Airlines operating at Washington's National Airport this week agreed to let Colgan Airways use some currently unused landing and takeoff privileges to begin new service from Washington to Hot Springs, Va., starting April 1.
But the airlines, which met in committees here this week, made no discernable progress toward resolving their more difficult problem of how to divide the limited space at National, New York City's LaGuardia and Chicago's O'Hare International airports among all the airlines in the summer season, which begins for them on April 27, when daylight saving time begins.
The airlines met in January but resolved summer operations for only New York's John F. Kennedy International Airport. They have agreed to come back again in March for a third round of negotiations.
The airline representatives meeting are members of government-sanctioned committees that have been hammering out slot agreements twice a year since 1968 for the four so-called "congested" airports. With the advent of airline deregulation, in the last two years new airlines have been created, and it has become easier for airlines to fly new routes -- making the committees' work significantly more difficult with each meeting.
While LaGuardia is a problem -- with 19 airlines seeking 870 slots at an airport which permits no more than 768 operations a day -- National is even worse. Although 640 operations a day by the commercial airlines now are permitted at National, that number is scheduled to drop to 522 on April 27 when a Department of Transportation plan for the airport takes effect.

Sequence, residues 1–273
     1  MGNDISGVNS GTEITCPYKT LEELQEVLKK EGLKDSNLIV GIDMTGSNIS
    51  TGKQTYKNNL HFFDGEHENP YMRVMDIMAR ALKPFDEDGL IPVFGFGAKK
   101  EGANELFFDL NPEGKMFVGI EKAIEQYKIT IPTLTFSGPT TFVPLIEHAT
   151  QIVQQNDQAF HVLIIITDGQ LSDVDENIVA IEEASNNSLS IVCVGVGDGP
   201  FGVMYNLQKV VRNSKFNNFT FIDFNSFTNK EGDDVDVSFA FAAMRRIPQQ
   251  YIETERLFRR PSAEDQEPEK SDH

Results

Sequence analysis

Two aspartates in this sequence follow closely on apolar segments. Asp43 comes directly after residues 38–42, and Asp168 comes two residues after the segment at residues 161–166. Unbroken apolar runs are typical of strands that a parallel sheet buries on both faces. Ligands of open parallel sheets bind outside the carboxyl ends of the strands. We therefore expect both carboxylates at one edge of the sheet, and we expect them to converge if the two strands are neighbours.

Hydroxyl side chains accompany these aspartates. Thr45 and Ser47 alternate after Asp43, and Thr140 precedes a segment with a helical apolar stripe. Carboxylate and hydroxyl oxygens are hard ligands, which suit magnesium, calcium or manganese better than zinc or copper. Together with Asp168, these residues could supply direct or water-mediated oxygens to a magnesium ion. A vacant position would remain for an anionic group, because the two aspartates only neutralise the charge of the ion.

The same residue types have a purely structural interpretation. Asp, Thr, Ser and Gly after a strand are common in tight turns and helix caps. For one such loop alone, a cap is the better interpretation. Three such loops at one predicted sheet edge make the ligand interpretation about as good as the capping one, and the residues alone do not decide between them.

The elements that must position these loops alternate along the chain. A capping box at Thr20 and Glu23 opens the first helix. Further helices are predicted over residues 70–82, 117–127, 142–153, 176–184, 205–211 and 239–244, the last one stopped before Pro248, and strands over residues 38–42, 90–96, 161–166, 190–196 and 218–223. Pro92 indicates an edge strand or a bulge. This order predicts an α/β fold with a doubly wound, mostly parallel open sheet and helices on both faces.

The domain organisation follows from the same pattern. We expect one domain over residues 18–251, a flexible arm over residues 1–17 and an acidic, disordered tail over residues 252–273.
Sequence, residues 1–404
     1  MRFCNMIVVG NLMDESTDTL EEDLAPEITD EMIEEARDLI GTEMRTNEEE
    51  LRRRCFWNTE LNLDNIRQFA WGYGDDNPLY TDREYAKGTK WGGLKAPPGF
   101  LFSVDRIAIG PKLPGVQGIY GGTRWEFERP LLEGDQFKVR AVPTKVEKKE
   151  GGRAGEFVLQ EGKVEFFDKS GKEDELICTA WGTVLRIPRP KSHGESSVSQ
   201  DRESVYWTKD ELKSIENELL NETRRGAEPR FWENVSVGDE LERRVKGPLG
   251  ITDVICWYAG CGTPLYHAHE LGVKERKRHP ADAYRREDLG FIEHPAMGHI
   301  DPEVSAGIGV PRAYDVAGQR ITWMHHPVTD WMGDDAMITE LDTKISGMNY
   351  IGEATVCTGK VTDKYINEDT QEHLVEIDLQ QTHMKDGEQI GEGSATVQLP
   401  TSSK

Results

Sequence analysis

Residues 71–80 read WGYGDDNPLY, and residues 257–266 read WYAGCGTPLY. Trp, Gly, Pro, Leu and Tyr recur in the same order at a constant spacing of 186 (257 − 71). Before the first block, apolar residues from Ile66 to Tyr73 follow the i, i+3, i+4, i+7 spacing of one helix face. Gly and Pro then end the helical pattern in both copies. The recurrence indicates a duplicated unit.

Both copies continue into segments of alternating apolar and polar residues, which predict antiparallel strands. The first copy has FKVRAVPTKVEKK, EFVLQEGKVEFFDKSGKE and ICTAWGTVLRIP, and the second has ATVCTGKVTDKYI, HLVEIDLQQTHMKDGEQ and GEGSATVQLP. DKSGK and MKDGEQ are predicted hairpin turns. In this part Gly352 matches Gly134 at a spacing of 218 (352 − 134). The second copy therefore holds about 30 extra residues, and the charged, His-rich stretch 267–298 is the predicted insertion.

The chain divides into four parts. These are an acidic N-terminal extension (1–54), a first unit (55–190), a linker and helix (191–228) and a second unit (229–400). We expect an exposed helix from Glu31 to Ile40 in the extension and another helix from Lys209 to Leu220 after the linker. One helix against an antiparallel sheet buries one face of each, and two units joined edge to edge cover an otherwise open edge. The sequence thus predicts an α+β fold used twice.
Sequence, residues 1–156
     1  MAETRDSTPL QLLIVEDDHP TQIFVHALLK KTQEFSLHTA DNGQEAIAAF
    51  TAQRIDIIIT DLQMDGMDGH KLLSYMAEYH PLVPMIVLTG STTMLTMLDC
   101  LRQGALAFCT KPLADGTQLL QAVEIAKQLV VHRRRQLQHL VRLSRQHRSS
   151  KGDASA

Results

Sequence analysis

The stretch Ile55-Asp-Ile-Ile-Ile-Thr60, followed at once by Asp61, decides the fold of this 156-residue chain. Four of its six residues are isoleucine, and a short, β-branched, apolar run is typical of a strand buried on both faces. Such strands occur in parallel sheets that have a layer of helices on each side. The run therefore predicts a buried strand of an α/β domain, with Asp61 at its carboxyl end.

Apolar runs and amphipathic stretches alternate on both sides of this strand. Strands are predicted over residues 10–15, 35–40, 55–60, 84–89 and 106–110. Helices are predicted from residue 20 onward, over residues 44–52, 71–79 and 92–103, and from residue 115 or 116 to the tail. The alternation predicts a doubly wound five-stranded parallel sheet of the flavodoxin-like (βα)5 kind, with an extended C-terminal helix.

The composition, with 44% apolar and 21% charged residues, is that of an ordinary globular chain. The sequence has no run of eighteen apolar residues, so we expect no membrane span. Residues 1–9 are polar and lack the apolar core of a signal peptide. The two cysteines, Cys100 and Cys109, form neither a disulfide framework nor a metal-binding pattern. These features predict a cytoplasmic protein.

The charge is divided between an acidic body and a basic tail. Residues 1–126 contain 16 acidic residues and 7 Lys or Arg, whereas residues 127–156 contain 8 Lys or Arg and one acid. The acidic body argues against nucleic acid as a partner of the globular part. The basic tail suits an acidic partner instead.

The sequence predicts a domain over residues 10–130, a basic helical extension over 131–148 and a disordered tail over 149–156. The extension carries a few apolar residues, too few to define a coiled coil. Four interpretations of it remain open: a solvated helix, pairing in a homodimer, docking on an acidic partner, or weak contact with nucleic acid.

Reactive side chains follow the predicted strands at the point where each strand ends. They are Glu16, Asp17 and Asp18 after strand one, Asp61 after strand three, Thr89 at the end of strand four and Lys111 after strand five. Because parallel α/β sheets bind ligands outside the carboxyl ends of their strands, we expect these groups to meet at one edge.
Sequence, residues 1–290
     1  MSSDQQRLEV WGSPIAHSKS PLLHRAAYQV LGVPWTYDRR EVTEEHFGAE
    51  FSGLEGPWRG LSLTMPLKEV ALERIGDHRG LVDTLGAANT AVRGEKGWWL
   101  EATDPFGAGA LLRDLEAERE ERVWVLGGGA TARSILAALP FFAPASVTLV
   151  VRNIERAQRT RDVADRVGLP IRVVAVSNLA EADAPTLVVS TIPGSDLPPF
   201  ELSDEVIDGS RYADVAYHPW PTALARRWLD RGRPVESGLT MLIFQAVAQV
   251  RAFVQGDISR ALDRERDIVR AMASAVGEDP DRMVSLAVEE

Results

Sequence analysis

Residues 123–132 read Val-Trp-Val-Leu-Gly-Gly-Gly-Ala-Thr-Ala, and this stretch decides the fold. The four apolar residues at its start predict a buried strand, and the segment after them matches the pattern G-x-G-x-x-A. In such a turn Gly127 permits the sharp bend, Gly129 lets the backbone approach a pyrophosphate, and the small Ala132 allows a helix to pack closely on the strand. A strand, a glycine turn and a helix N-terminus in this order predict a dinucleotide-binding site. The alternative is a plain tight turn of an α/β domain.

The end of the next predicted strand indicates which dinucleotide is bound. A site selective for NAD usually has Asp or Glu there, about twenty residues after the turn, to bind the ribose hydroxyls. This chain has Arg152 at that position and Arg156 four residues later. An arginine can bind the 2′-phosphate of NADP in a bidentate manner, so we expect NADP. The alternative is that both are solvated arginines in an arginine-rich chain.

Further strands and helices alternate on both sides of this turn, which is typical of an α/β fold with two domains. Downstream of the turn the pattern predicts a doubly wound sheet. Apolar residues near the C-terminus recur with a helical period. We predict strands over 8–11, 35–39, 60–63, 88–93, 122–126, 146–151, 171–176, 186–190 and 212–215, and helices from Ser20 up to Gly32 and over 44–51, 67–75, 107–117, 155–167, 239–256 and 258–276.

Besides reducing the number of operations from 40 to 36 an hour, the plan also imposes a 9:30 p.m. curfew and allows the introduction of wide-body jets at National. But the total number of flights isn't reduced under the new plan, because commuter airlines will be allowed to pick up the four slots per hour the commercial airlines lose. Also under the plan, requests for slots from airlines using planes with fewer than 56 seats are removed from the airline scheduling committee's deliberations.
Taking into account the changes now scheduled, 18 airlines now are seeking 752 landings and takeoffs a day this summer when only 522 will be available.
Although the process of allocating slots is thorny enough, it has been complicaed this time because of the change of administrations. The Air Transport Association and officials of many of the airlines have urged Transportation Secretary Drew Lewis to delay implementation of the planned flight reductions and to undertake his own review of the National Airport policy.
While a DOT spokesman noted that a review of the policy has been started, he said it is part of the overall process of educating the new officials to DOT policies and programs. The review of the National Airport policy hasn't been started with a view to changing it, although it is impossible that a review could lead to a change, he said.